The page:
Corporations said they outsourced manufacturing jobs so American consumers would have a lower price to pay.

10 COOL CARS UNDER THE PRICE OF 18, 000
7 WERE FOREIGN MADE.
Where's the lower prices American and foreign nations are using cheap foreign labor.

Two business hire the most American in America
Walmart made Forbe's magazine of course 75 % of their products have foreign made labels but just how many people shop at Walmart.
Every Walmart store in America has a waiting list quite long to be hired and Walmart hires over 60% part time help.

Fast food gas stations ,
Gas station , well we know where the oil comes from to make the gas right?
Fast food one step above janitorial work.

There is no chicken and egg here corporations bailed on the American worker, but they forgot one small detail the American worker is also the American consumer.

And like corporations say "corporations are not obligated to furnish or create jobs for American workers."
American workers are saying "American workers are not obligated to purchase any American label at any store or investigate in any American industry":peace
Ah, but it is the chicken/egg conundrum... pressure to get lower prices push business off shore/business go offshore to get better labor costs....... one fed the other.

And as I said before, it won't change until the consumer forces them to.
 

presluc

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Is it realistic to expect American products in every area?

We have pollution issues that pretty much eliminated vinyl and plastic manufacturing as long as 50 years ago. There's no economic reality in expecting American toys, clothing, housewares and the like.

We manufacture plenty here. We make trucks, construction equipment, airplanes, medications and other higher priced products. Bemoaning the loss of the 99¢ store items just isn't useful.

Even in larger ticket items we have competition. In just the last year or so, they make an American car I would be happy with. But in 2007 when I bought my 2008 Scion Xb, there were no similar vehicles made in USA. Fortunately, I don't need a plane but if I did, I'd have to determine if Airbus or Boeing made the better product for my needs.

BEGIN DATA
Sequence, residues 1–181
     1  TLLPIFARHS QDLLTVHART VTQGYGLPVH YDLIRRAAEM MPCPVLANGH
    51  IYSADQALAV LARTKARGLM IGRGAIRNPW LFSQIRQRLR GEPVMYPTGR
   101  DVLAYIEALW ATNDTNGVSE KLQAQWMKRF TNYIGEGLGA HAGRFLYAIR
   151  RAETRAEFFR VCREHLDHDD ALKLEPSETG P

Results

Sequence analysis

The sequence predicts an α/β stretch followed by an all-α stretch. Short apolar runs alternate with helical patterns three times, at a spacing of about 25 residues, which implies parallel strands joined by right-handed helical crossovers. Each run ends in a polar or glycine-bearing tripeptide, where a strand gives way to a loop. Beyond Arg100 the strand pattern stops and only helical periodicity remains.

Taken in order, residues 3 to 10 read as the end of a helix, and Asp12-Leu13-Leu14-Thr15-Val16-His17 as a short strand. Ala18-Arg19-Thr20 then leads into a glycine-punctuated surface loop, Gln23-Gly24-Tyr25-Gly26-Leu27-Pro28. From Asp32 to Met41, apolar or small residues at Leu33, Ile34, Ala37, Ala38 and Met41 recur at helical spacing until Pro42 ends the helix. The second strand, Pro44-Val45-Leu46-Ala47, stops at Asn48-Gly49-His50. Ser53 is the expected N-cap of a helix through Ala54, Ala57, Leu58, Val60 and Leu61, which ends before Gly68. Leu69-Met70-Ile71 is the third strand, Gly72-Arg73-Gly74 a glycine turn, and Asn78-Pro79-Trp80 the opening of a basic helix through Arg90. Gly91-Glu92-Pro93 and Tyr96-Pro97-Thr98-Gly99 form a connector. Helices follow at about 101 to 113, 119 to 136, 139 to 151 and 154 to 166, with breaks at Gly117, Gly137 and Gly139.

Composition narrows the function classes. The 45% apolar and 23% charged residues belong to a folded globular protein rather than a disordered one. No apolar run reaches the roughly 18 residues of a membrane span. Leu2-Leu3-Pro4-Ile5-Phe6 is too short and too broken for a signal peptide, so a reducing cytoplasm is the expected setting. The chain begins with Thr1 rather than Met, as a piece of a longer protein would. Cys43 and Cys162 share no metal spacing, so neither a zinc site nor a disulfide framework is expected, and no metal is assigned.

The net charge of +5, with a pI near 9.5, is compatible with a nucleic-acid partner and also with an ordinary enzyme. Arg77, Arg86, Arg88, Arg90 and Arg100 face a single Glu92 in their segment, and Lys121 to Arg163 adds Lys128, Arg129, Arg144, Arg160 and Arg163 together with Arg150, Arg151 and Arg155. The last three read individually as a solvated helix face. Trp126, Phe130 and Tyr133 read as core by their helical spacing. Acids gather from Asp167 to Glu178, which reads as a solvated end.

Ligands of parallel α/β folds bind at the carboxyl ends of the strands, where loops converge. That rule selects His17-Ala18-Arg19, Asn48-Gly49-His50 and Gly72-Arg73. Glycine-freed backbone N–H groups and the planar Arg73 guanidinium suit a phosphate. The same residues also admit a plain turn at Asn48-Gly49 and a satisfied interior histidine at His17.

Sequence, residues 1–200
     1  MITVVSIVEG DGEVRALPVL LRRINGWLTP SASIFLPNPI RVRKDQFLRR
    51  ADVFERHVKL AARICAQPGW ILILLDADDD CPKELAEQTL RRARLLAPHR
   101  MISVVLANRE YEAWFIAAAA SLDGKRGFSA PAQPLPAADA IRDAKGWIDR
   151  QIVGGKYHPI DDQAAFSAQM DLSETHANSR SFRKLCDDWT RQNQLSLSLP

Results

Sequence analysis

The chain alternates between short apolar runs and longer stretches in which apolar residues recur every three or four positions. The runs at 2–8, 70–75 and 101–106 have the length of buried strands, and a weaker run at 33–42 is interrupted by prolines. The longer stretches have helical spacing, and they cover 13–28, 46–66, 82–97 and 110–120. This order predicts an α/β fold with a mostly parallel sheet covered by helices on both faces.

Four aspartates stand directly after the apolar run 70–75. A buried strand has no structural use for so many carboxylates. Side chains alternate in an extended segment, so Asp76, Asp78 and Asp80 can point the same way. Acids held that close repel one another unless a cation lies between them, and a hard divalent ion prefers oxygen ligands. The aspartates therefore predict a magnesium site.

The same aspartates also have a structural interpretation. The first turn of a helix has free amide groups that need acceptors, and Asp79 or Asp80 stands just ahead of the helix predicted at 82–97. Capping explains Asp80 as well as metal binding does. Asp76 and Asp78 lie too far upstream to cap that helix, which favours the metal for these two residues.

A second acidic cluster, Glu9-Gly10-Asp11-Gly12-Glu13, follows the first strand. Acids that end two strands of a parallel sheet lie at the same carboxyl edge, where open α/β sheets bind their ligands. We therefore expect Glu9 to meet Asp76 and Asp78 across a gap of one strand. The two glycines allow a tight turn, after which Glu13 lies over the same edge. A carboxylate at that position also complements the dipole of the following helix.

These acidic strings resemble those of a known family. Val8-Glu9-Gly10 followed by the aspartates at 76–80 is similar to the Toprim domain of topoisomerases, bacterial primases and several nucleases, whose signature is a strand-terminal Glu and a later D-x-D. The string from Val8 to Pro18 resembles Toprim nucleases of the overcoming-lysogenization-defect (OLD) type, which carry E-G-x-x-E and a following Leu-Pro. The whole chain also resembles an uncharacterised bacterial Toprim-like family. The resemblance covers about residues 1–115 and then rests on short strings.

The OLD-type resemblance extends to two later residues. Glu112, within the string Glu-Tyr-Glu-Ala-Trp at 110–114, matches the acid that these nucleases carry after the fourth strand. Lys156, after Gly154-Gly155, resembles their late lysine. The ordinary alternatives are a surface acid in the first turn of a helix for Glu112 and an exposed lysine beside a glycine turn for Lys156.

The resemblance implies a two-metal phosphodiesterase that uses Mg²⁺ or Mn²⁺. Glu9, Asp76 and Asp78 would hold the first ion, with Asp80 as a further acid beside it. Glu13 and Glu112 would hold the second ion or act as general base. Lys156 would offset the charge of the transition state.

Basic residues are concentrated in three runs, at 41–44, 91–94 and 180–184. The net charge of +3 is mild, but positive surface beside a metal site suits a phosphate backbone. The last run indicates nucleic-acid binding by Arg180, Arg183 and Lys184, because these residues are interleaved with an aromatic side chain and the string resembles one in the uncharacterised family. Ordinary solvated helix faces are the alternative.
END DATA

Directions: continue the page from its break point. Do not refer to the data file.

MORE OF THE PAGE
As 3D printing goes mainstream, our choices may increase. I will pay a little more to buy American and 'll pay even more if its the better product. However, even these new choices will be produced by automation, not by factories with thousands of workers.






(the robots are coming!)
Been to Michigan lately , there's not a lot of manufacturing up here..
Outsourcing not only hit the big factories where the unions were but also the small town factories with no union and a wage a hair above minimum wage.

II worked in 3 factories in my small town all got outsourced no unions no high wage, I was working plastic injection molding in 98 that's hardly 50 yrs ago.

Besides manufacturing is not just the big factories in Detroit and Flint and Ann Arbor, it's the little non union factories that made the parts for cars in small towns that's where the real tax money of Michigan came from.

What American product are you going to buy Chrysler.. or should I say Fiat cell phone far eastern made.

Corporations left the American worker so where's the American products?

GMC still financial trouble
Chrysler Fiats moving in.
Ford a glimmring hope and fading

TV's well think Sanyo, Sony Samsung
Cellphones do they even have a factory to make cellphones anywhere in America.

Looking for American made products in America today is like looking for an honest man in politics.:peace
 

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no paychecks for American worker, no sale for American products.:peace
I have always admired American quality but I don't need that level of quality at premium price.